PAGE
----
It’s the question I fear most. I never know exactly how to answer and it usually comes at an awkward moment, such as when I’m trying to break up a fight between my kids or I’m having my haircut. If I’m really unlucky, I get asked it when I’m trying to break up a fight between my kids while I’m having a haircut. This is obviously worse – difficult explanations are made so much harder when having to hiss threats at a nine-year-old as someone waves scissors around my ears. Normally, though, the question is just well-meaning small talk at the supermarket from an acquaintance or a stranger, designed to make me feel better as I extract a small child from an disastrous encounter with a cereal display.
“Actually, this is me at work,” I mutter, tipping Cheerios out of my daughter’s pockets. “I’m a housedad.”
“Oh!?” The amiable grin on my inquisitor’s face dissolves and they take an involuntary step backwards. Surprise, disbelief, pity and fear fight for control of their wildly-jiggling eyebrows as they realise they’ve blundered into a whole different conversation from the one they were expecting. Then they pull themselves together and remember that it’s rude to stare. They try to think of something encouraging to say.
They usually fail and resort to asking, “Do you enjoy that then?”
I mean, where to begin? I get to watch my kids grow and learn. I have opportunities to play with them, teach them and delight in them that most dads can barely dream of. Do I enjoy being a housedad? Of course I do.
Then again, it can be tough going sometimes. I’ve had to watch Finding Nemo 537 times, for instance. Being a housedad is a daily parenting adventure but it’s also a job.
Back in the day, when I had three children under the age of five, I was constantly busy. There wasn’t time for anything much beyond looking after the kids and trying to stay sane. I regularly had to choose between sleep and time to myself. Getting enough of both was a perpetual juggling act.
The last couple of years have seen a steady improvement. Aside from the occasional nightmare, they all sleep through the night. They all know how to get dressed without assistance. Very rarely, they can even all entertain themselves at the same time and leave me in peace. It’s a crazy new world of wonder I’ve entered. Better than that, my youngest started school this year and I have several hours to myself every day.
Unfortunately, when well-meaning acquaintances learn this, they immediately ask, “Are you thinking of going back to work then?”
Er… Did I say every day? I meant every weekday when school is on and none of my kids are sick. That’s something quite different. At best, I have twenty-seven hours a week with which to pursue another vocation and that’s if I leave shopping and cleaning until the weekend, don’t stop for lunch and ignore any travel time. Most weeks it’s more like twenty hours. Many weeks it’s none.
This limits my career options.
Explaining is more trouble than it’s worth, though. Everyone assumes that, as a man, I must be leaping at the chance to get out of the house and win some bread. It’s only natural, after all. Personally, however, I’d rather have a lie down. I’m due several years’ worth of lunch hours as it is…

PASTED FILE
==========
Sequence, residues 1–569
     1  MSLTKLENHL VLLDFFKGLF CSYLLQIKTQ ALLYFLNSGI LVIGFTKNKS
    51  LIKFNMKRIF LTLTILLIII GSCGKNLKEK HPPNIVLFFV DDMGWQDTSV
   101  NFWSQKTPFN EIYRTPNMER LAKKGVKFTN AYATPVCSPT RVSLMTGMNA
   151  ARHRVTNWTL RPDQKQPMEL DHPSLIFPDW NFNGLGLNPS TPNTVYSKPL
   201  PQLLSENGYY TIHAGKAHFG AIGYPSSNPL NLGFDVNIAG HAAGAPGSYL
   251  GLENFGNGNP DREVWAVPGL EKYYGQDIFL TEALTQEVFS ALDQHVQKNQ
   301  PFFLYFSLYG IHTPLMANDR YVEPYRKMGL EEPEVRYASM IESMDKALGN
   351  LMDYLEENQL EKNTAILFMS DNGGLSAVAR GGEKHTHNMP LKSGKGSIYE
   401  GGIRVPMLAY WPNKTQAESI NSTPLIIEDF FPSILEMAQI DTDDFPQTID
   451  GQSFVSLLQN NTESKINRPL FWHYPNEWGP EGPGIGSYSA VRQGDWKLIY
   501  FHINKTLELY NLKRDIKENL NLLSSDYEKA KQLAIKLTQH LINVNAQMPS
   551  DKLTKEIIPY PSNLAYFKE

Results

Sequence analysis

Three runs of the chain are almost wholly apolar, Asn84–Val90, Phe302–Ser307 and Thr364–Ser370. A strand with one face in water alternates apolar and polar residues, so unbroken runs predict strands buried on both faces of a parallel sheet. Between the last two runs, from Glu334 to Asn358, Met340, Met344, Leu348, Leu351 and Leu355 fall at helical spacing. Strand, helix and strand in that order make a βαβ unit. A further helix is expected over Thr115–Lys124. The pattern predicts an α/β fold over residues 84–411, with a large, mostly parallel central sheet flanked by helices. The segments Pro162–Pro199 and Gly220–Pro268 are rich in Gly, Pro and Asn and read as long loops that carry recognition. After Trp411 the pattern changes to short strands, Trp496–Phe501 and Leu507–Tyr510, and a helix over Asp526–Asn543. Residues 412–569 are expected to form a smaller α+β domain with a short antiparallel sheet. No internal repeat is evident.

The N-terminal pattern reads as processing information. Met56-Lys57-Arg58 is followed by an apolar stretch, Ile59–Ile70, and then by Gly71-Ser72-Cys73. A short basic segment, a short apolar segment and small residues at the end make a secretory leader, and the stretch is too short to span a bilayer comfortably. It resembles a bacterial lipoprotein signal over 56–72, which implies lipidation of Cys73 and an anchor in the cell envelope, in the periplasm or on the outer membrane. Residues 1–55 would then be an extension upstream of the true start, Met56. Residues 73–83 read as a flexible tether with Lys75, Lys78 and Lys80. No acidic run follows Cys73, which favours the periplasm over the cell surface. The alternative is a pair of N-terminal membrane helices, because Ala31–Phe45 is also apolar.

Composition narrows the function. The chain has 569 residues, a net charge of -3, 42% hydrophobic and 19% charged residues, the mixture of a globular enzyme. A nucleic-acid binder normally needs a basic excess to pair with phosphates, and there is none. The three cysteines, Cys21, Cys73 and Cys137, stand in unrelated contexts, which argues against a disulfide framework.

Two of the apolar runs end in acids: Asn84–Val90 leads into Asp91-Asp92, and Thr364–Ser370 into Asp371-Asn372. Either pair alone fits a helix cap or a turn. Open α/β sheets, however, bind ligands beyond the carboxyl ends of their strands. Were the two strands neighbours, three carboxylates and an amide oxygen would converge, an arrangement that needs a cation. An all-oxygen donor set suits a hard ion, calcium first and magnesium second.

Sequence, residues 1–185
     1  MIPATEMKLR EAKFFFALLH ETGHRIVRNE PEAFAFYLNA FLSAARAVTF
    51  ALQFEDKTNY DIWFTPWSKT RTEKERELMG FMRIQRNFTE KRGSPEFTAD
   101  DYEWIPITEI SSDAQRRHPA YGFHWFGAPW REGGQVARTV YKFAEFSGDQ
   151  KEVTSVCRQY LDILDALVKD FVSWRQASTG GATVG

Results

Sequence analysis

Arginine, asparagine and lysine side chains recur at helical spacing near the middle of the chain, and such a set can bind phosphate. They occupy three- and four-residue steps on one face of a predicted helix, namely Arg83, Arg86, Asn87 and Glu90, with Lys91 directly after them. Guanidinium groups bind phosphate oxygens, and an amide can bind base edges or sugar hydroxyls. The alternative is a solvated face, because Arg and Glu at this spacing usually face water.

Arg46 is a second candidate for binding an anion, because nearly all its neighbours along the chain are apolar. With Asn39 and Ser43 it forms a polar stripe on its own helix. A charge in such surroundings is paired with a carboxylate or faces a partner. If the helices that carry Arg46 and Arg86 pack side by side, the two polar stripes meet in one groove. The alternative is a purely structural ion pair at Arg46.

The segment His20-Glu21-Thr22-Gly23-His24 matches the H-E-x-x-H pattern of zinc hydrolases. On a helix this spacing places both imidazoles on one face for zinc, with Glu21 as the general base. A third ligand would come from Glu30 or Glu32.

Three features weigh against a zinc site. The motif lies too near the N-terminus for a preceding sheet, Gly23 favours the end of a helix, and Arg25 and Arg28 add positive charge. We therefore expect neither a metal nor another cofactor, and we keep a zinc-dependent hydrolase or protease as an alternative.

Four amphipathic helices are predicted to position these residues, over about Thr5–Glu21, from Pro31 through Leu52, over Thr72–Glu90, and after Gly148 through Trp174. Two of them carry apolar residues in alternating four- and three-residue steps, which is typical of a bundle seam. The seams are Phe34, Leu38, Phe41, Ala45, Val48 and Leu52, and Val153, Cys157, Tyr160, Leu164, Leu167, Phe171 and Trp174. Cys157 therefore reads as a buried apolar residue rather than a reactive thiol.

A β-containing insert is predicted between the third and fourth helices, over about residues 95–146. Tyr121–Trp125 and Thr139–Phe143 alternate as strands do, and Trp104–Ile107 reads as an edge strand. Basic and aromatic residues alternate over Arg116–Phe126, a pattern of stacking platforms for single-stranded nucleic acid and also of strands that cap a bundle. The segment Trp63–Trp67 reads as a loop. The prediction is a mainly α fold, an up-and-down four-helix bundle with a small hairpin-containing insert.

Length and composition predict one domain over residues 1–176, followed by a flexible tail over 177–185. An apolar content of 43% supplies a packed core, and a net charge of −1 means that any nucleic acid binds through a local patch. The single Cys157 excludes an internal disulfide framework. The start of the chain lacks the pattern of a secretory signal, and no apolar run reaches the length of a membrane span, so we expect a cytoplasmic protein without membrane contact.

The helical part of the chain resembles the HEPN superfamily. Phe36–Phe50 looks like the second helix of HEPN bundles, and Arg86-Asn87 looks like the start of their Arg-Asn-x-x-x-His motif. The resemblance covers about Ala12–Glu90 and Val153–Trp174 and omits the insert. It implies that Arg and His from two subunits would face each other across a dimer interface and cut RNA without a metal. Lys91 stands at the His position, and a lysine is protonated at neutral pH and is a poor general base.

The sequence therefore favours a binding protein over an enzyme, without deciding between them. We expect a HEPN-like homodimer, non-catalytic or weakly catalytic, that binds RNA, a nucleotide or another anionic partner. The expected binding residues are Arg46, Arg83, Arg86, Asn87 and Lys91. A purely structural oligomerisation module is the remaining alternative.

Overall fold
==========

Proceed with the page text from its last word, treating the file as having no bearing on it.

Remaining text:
I counter by mentioning that I run a parenting website but, sadly, by this point, I’m already irredeemably marked out as ‘slightly odd’.
My interrogator’s eyes narrow. “Does that make any money?”
“That’s not really the point. I get to pass on what I’ve learnt, encourage other parents, build my self-esteem and share a few laughs.”
“So, that would be a ‘no’ then.”
“I do get free computer games.”
For some reason, this always impresses people enough to cover my escape. I make my excuses and leave, mumbling something about having to find my children. Then I set off in the direction of the bickering, following a trail of little old ladies who’ve been barged into freezer units, their rubber-soled shoes waggling out from amongst the packets of frozen peas.
I wonder if mums who ‘only’ stay home and look after their kids face the same kind of thing?
Having all three at school has brought new possibilities. That said, they still need me around an awful lot for the time being. The website (DadsDinner.com) has been going well and is hopefully the beginning of a self-employed writing career but I’m not holding my breath. I’ve got plenty to keep myself occupied – not least with ten years of chores to catch up on. Realistically, my main task for this first year of freedom is to figure out what I’m doing in the second.
Got to start back into the world of paid employment somewhere, I suppose…
Running a successful business with children around is an impressive feat. Hats off to all of you who’re giving it a go.
Located in the UK, Edmund Farrow has been a housedad for nearly ten years and has three children, aged 9, 7 and 5. He vaguely remembers that he was once able to program computers. In 2007, however, he finally got fed up of being told how common housedads are these days by everyone he spoke to, despite the fact he was normally the only one they’d ever met. He decided to set up a website, DadsDinner.com, to share what being a primary carer with only one X chromosome is really like. Dadsdinner offers advice, encouragement and humour to parents, prospective parents and especially stay-at-home dads. It includes guidance on everything from potty training to surviving a zombie invasion, along with reviews of such housedad essentials as home delivery services and films with explosions. Don’t tell anyone, but mums enjoy DadsDinner, too. Sometimes it gives them scary ideas about getting their men more involved in childcare. (Well, scary for the men in question, anyway…)